$20,000 / 15 years = $1,333 year

Even at a 25% tax bracket that's only $333 bucks if you fail to payback the $1,333 for the year!

SWEET!
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Old 2006-11-08, 02:06 PM
Craig & Sophie Craig & Sophie is offline
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Originally Posted by willy77nilly
Uhhmm let's see,

$20,000 / 15 years = $1,333 year

Even at a 25% tax bracket that's only $333 bucks if you fail to payback the $1,333 for the year!

SWEET!
Yes, but I believe you still have to pay it back in the end. Someone please correct me if I'm wrong.
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Old 2006-11-08, 05:27 PM
willy77nilly willy77nilly is offline
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Smile Clarification

From the Canada Revenue Agency website:

Quote:
If you do not make the repayment for a year, it will have to be included in your income for that year.
Quote:
In the year you make your first repayment and every year
thereafter, you have to complete and send us an income tax
return, until you have repaid all of your HBP withdrawals
or have included them in your income. You have to file a
return even if you do not owe any taxes.
You're expected to pay it back to replenish your RRSP - but if you are not able to for whatever reason it's added to your income for that year. Surely any reasonable person would want to meet and exceed the minimum repayment amount. But if circumstances prevent you from doing so, it's simply added to your income and therefore you would pay the taxes. As I mentioned before this would be a relatively small price to pay!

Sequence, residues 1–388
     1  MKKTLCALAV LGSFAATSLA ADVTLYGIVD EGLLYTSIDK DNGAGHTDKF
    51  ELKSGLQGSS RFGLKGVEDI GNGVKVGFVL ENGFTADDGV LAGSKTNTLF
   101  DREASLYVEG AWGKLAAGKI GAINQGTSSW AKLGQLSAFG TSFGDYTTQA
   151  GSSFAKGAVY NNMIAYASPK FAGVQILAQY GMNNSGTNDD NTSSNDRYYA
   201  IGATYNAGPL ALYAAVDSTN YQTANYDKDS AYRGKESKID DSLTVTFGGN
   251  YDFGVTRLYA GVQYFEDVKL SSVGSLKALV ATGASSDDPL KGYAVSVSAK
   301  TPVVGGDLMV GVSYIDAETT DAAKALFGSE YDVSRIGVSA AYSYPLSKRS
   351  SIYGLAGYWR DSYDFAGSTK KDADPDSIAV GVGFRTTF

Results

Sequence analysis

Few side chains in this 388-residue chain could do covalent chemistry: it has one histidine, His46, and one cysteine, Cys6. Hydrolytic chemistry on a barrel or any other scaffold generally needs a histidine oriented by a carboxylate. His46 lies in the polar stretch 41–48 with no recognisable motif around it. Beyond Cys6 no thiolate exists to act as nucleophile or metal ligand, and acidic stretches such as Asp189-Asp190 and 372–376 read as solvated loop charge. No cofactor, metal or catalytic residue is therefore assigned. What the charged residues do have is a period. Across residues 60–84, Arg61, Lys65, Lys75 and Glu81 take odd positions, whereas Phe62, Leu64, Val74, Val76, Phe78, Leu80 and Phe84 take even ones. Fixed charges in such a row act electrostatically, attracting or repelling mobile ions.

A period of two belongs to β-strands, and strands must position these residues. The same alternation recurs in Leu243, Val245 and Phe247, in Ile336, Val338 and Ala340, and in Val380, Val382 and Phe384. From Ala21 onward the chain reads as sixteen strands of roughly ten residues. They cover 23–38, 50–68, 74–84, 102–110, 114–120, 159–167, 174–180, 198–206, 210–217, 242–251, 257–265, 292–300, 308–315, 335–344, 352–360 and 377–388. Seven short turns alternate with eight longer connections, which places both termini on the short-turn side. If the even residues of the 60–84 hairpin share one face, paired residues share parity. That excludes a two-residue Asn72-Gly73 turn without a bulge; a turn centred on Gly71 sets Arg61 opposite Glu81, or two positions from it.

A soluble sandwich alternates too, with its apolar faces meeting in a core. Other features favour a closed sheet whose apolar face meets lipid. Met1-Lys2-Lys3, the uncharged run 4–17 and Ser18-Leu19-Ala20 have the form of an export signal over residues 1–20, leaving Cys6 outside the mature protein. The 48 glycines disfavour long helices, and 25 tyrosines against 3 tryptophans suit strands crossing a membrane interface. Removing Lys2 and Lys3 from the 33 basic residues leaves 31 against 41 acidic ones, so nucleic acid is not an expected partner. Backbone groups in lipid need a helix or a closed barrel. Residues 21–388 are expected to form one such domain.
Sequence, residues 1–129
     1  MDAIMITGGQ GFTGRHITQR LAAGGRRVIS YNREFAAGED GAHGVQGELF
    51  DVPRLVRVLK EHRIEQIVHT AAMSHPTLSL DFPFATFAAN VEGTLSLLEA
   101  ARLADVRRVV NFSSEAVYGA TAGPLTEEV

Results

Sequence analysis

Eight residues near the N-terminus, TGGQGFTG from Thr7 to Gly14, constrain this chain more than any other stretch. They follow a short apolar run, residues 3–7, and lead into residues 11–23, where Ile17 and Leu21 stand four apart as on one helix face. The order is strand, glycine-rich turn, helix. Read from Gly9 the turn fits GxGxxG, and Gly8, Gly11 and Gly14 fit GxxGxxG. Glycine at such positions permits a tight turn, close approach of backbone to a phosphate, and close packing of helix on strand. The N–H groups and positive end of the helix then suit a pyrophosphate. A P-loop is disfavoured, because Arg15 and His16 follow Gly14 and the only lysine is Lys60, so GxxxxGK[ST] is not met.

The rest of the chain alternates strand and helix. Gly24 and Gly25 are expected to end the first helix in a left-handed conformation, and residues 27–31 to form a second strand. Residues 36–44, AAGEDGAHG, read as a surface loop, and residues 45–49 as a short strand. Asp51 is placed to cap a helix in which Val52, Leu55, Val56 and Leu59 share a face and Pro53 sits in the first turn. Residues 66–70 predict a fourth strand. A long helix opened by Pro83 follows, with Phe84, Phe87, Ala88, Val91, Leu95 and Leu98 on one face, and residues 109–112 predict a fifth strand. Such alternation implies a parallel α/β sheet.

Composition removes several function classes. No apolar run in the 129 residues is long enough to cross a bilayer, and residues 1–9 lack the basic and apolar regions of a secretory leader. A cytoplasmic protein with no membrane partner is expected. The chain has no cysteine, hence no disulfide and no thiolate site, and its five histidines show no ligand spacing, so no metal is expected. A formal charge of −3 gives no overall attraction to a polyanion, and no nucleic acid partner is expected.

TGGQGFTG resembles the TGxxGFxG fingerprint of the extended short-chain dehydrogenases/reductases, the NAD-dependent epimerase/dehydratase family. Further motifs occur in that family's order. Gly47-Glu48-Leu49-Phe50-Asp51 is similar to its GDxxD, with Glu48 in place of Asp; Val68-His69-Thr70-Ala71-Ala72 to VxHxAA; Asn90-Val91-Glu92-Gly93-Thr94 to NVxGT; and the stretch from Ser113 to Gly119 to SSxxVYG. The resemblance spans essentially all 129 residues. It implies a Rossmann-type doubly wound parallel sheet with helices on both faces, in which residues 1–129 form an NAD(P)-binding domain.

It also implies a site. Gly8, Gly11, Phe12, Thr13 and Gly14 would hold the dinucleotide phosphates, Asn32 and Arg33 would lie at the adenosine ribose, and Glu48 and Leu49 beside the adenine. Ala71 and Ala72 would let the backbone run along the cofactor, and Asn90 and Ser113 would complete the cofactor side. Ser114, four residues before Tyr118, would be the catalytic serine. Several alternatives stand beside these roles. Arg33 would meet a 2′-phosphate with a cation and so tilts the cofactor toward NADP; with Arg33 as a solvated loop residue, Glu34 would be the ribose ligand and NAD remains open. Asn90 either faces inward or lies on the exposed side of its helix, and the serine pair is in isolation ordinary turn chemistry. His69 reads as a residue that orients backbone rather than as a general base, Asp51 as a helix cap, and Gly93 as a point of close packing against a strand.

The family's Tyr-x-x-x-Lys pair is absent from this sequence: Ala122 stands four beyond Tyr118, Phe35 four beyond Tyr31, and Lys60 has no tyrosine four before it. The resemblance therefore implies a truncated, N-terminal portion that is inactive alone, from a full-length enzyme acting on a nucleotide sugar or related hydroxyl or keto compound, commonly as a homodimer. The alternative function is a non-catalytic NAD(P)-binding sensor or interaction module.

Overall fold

Mind you, I am no expert in this area - so it's always best speaking to a financial adviser or tax accountant.

Hope this helps!
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Old 2007-12-02, 08:23 PM
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canabiz canabiz is offline
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Hello folks, I would like to bring this thread up and get some feedback (I will check with my banker to confirm everything, just thought I would make a quick post here)

I took out my RRSP as part of the First Time home buyer plan this summer (in July). I was told that I have 20 years to pay it back which works out to about $1,300/year and that's all fine and dandy. Here are a couple of questions

1. When do they consider it the 1st year of the 20-year plan? This year because I withdrew the RRSP in the summer or next year?

2. Is there any penalty if I decide to put in more than $1,300/year, thus reducing the 20-year period?

Thanks
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Old 2007-12-03, 05:24 PM
GreyingJay GreyingJay is offline
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Quote:
Originally Posted by canabiz View Post
1. When do they consider it the 1st year of the 20-year plan? This year because I withdrew the RRSP in the summer or next year?
Next year.

Quote:
Originally Posted by canabiz View Post
2. Is there any penalty if I decide to put in more than $1,300/year, thus reducing the 20-year period?
This isn't like a typical loan. Interest is not charged. In fact, you're really just borrowing money from yourself. For the next 15 years (I believe it's 15, not 20) the first $1,300 you put into your RRSP's are counted towards paying back the withdrawal (and NOT counted toward a tax-deductible contribution). Anything more that you put in is treated as it always has been.

But from what I understand, you can't ask to allocate any more than 1/15th per year.

I imagine the only reason to allocate more initially is if you intend to claim the full benefit of a larger RRSP tax deduction in future years.